My bifurcation diagram almost works, but I can’t figure out how to replace the point number on the horizontal axis with the x coordinate from my calculation. I have tried a whole bunch of things that fail in various ways. The code is below. Help would be greatly appreciated.

z[0, c_] := c;

z[n_, c_] := z[n – 1, c]^2 + c;

zSeries[n_, len_, c_] := Module[{ser},

ser = {z[n, c]};

Do[AppendTo[ser, ser[[i]]^2 + c], {i, 1, len – 1}];

ser];

ListPlot[Transpose[Table[zSeries[999, 100, x], {x, -2, .25, .0001}]], PlotStyle -> PointSize[Tiny]]

If I change the zSeries module to give each point its own x value, it gets VERY slow.

zSeries[n_, len_, c_] := Module[{ser},

ser = {{c, z[n, c]}};

Do[AppendTo[ser, {c, ser[[i]]^2 + c}], {i, 1, len – 1}];

ser];

=================

Try the DataRange option in ListPlot.

– bbgodfrey

Feb 18 at 1:41

1

Jerry, as bb says, you adjust DataRange so that the horizontal axis is in the right units. Look at the docs for it. BTW, NestList[] is pretty useful for implementing your zSeries.

– J. M.♦

Feb 18 at 2:05

1

Since the xx-coordinate is fixed, you could just do something like {c, #} & /@ ser after generating them like in your original version.

– J. M.♦

Feb 18 at 2:41

1

Do you realize that Do[AppendTo[res, f[x]], {x, n}] is the same as res = Table[f[x], {x, n}], only 100 times slower (ignoring the time to compute f[x])?

– Michael E2

Feb 18 at 2:48

2

@Jerry, as I said, consider using NestList[]; repeated use of AppendTo[] is well-known to be a slow way of accumulating results.

– J. M.♦

Feb 18 at 2:50

=================

2 Answers

2

=================

To illustrate my comment, is that what you had in mind?

ListPlot[Transpose[Table[zSeries[999, 100, x], {x, -2, .25, .0001}]],

PlotStyle -> PointSize[Tiny], DataRange -> {-2, .25}]

Addendum: Timing

The OP in his answer provides revised code,

z[0, c_] := c;

z[n_, c_] := z[n – 1, c]^2 + c;

ListPlot[Catenate[Table[{x, #} & /@ NestList[#^2 + x &, z[999, x], 100],

{x, -2, .25, .0001}]], PlotStyle -> PointSize[Tiny]]

which is much faster than the earlier code, requiring 64 sec (AbsoluteTiming) on my PC to generate the plot. Still, it seemed to me that further improvements in time could be achieved. Table requires 37 sec to generate the array, leaving 27 sec for ListPlot itself. Because as many as 100 duplicate points are plotted for x > -1.4, applying DeleteDuplicates offers an obvious savings. (It, like Catenate, takes negligible time.) Using FixedPointList instead of NestList also saves a bit of time for x > -.76, but only a few seconds, because the reduced list generation is largely offset by the test for a fixed point. Together,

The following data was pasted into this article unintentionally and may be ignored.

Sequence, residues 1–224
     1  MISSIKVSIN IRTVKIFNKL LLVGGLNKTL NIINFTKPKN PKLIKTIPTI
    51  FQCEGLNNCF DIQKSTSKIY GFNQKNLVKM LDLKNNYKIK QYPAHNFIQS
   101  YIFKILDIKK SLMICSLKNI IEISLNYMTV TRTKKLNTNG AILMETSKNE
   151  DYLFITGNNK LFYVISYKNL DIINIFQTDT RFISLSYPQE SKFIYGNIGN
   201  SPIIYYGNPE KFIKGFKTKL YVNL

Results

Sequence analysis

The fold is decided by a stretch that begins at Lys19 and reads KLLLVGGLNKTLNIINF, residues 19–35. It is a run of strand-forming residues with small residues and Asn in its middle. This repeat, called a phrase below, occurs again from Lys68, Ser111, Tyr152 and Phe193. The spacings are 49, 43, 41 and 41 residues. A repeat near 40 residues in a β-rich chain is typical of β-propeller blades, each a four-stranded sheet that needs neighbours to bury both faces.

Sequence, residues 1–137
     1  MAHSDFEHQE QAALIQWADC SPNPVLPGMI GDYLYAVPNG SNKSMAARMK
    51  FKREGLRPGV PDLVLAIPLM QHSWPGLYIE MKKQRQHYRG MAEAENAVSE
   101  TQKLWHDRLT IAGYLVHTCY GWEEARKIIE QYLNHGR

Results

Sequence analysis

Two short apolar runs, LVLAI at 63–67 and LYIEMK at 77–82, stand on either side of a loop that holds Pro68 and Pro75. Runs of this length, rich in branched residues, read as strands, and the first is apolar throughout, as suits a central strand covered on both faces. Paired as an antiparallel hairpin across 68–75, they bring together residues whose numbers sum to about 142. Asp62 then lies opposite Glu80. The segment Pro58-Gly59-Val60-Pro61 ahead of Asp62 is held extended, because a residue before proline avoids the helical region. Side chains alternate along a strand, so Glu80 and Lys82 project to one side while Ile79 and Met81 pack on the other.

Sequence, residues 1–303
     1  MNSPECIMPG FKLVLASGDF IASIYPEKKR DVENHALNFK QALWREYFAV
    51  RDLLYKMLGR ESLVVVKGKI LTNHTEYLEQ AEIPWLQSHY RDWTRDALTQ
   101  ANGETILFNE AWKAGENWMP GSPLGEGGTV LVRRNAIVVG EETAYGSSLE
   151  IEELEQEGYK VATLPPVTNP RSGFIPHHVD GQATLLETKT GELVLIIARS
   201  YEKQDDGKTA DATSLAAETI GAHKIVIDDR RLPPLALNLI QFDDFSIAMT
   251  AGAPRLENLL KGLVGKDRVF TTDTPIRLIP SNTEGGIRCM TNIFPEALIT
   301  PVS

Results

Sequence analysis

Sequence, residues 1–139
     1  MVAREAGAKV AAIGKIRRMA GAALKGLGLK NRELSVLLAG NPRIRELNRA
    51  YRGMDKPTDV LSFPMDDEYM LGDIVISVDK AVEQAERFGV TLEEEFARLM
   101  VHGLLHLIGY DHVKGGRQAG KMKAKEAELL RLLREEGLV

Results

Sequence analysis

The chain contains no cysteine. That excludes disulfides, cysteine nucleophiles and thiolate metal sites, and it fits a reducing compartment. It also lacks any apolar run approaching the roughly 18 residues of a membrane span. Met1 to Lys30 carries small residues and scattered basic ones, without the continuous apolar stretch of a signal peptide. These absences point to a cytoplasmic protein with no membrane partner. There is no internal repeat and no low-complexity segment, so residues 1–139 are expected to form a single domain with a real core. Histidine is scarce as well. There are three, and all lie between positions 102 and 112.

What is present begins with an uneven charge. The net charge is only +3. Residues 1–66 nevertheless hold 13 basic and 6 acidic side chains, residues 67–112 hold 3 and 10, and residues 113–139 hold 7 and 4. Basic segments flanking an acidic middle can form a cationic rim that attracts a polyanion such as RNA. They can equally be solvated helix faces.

ListPlot[Catenate[Table[{x, #} & /@ DeleteDuplicates[

FixedPointList[#^2 + x &, z[999, x], 100]], {x, -2, .25, .0001}]],

PlotStyle -> PointSize[Tiny], PlotRange -> All]

requires only about 41 sec. The other opportunity for savings involves replacing z[999, x], which takes some 31 sec in all, by the equivalent Nest[#^2 + x &, x, 999],

ListPlot[Catenate[Table[{x, #} & /@ DeleteDuplicates[

FixedPointList[#^2 + x &, Evaluate[Nest[#^2 + x &, x, 999]], 100]],

{x, -2, .25, .0001}]], PlotStyle -> PointSize[Tiny], PlotRange -> All]

which reduces total time to 11 sec, a significant improvement. (Using FixedPoint instead of Nest offers no further advantage.)

It gets the job done in this case, because my x’s happen to be evenly spaced. It’s not really directly using my x coordinate. If my x’s weren’t evenly spaced, this wouldn’t work. Does that make sense?

– Jerry Guern

Feb 18 at 2:14

It’s not the spacing being used here @Jerry; the horizontal axis is merely being scaled so that the left and right extents of the plot correspond to what’s on your data.

– J. M.♦

Feb 18 at 2:16

I think I need to associate an x-value with each set of points calculated from that x.

– Jerry Guern

Feb 18 at 2:17

1

@JerryGuern I have been able to reduce runtime by a factor of about six, as shown in the addition to my answer. Best wishes.

– bbgodfrey

Feb 18 at 15:36

1

@JerryGuern I too found this problem instructive. Your definition of z follows standard procedure, but in retrospect was consuming a lot of time. I shall consider that when I define similar functions. Cantenate was new to me, although it is not that different from Flatten. With my changes, the majority of the time now goes to ListPlot itself, so I think that the only way to save much more time is to plot fewer points. Best wishes.

– bbgodfrey

Feb 18 at 23:11

From the OP: Based on the helpful Comments and Answer above, here’s all I needed to do to get the plot I wanted:

z[0, c_] := c;

z[n_, c_] := z[n – 1, c]^2 + c;

ListPlot[Catenate[Table[{x, #} & /@ NestList[#^2 + x &, z[999, x], 100], {x, -2, .25, .0001}]], PlotStyle -> PointSize[Tiny]]